Another important difference from prior art is the separation of the load of interest from the resonant circuit proper. The configuration used isolates the two through the transistor. It is the non-linear behavior of the transistor that provides the changes in frequency as the load is changed. The loop gain of an oscillator must be unity with 180° phase shift. The initial gain of the transistor must be greater before oscillations begin in order for the oscillator to be self starting. This extra gain is reduced to unity by the saturation of the active device upon establishment of the oscillatory frequency. Saturating a device changes the gain (and accordingly the phase since it is non-linear) to maintain oscillations as the load changes. This will continue as the load changes as long as the transistor has appropriate phase and available gain to satisfy oscillations.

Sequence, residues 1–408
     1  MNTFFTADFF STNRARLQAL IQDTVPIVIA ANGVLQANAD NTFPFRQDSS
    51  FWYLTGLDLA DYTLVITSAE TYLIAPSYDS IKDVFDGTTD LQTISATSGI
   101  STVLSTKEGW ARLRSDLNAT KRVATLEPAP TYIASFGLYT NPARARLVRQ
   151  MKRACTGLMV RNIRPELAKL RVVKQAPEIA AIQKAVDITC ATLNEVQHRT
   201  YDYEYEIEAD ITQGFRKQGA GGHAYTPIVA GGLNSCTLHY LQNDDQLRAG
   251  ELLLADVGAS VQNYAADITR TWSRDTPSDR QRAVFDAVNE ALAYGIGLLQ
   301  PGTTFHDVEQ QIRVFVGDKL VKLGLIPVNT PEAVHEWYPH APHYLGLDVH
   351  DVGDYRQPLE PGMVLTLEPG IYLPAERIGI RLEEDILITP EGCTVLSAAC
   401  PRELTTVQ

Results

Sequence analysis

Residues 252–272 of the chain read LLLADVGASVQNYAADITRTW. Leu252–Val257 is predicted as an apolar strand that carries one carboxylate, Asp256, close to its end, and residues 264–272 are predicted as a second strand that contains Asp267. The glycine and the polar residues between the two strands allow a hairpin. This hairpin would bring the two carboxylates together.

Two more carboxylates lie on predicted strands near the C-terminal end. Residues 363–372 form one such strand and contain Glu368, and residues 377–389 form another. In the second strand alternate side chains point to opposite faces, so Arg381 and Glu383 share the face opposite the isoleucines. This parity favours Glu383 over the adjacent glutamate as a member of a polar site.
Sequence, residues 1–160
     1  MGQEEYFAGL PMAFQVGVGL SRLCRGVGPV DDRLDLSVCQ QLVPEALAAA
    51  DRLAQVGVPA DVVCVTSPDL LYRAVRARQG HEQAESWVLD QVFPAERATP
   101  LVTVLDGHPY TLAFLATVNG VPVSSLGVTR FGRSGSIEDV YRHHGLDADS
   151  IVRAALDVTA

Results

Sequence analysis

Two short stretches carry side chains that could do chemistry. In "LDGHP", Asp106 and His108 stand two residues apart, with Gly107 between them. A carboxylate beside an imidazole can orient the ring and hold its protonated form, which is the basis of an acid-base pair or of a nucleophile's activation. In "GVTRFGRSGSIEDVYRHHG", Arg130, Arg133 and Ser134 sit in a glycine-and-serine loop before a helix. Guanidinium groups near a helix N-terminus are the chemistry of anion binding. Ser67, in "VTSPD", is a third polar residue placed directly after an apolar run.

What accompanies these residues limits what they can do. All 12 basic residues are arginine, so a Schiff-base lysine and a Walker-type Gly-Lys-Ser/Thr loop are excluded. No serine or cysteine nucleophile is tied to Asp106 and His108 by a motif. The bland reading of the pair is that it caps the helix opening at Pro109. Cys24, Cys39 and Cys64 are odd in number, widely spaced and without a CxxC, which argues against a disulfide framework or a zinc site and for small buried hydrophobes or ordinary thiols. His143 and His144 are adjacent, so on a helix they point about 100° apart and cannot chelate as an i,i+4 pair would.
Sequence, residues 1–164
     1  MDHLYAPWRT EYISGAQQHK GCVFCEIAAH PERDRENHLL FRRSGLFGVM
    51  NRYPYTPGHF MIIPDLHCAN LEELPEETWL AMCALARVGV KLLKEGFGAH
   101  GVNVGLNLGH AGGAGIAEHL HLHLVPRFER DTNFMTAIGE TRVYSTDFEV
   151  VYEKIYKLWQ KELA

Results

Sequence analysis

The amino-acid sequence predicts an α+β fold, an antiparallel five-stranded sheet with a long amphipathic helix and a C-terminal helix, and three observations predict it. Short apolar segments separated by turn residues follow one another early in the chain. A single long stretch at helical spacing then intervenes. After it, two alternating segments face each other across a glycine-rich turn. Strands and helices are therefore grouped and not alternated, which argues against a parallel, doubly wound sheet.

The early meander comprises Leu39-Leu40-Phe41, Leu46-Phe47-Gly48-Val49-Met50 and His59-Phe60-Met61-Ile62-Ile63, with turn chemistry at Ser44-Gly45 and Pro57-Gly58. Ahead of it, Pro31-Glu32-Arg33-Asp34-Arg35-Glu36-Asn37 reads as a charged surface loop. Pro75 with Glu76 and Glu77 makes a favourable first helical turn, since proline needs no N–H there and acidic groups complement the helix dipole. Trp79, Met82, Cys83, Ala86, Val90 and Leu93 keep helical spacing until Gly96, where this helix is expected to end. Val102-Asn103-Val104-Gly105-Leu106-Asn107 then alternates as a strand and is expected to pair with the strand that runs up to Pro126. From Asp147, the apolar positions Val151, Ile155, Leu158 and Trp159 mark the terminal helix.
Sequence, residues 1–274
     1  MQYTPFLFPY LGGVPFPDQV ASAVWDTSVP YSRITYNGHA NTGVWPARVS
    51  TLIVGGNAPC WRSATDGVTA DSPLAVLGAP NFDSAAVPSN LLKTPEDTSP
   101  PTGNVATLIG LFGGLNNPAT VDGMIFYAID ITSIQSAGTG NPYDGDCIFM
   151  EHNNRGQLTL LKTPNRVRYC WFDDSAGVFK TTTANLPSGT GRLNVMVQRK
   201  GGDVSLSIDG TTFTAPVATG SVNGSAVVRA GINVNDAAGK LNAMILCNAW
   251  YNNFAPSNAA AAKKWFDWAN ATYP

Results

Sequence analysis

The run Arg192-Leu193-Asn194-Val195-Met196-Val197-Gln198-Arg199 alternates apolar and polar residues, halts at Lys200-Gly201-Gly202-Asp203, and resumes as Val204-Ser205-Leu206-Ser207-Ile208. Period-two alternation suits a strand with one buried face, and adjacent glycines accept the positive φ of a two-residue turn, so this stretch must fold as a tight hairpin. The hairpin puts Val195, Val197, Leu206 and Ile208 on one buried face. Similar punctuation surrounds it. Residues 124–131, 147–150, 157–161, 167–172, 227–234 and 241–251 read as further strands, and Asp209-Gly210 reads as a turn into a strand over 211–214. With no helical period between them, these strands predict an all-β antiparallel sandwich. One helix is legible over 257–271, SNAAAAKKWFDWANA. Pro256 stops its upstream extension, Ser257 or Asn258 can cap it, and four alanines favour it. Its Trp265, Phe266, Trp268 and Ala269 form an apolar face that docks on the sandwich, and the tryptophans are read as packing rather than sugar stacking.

Aluminum Oxide for Moisture Adsorption
The use of aluminum oxide for moisture adsorption is well known in the industry. The surface attracts and retains water molecules by association with the bonds. Since this is a weak attraction, there is a point at which the absorption and desorption reaches an equilibrium with the surrounding moisture content. Moisture measurements have been made with capacitance measurements using a very thin aluminum oxide surface with imbedded electrodes. When the water is absorbed, the capacitance changes, and therefore, a measurement is made. This surface must be thin in order to allow the water molecules to accumulate in a region where the electrical field is present.
Moisture and Sediment Analysis
The present inventions describe systems and methods for the determination of the water and sediment content in a petroleum sample.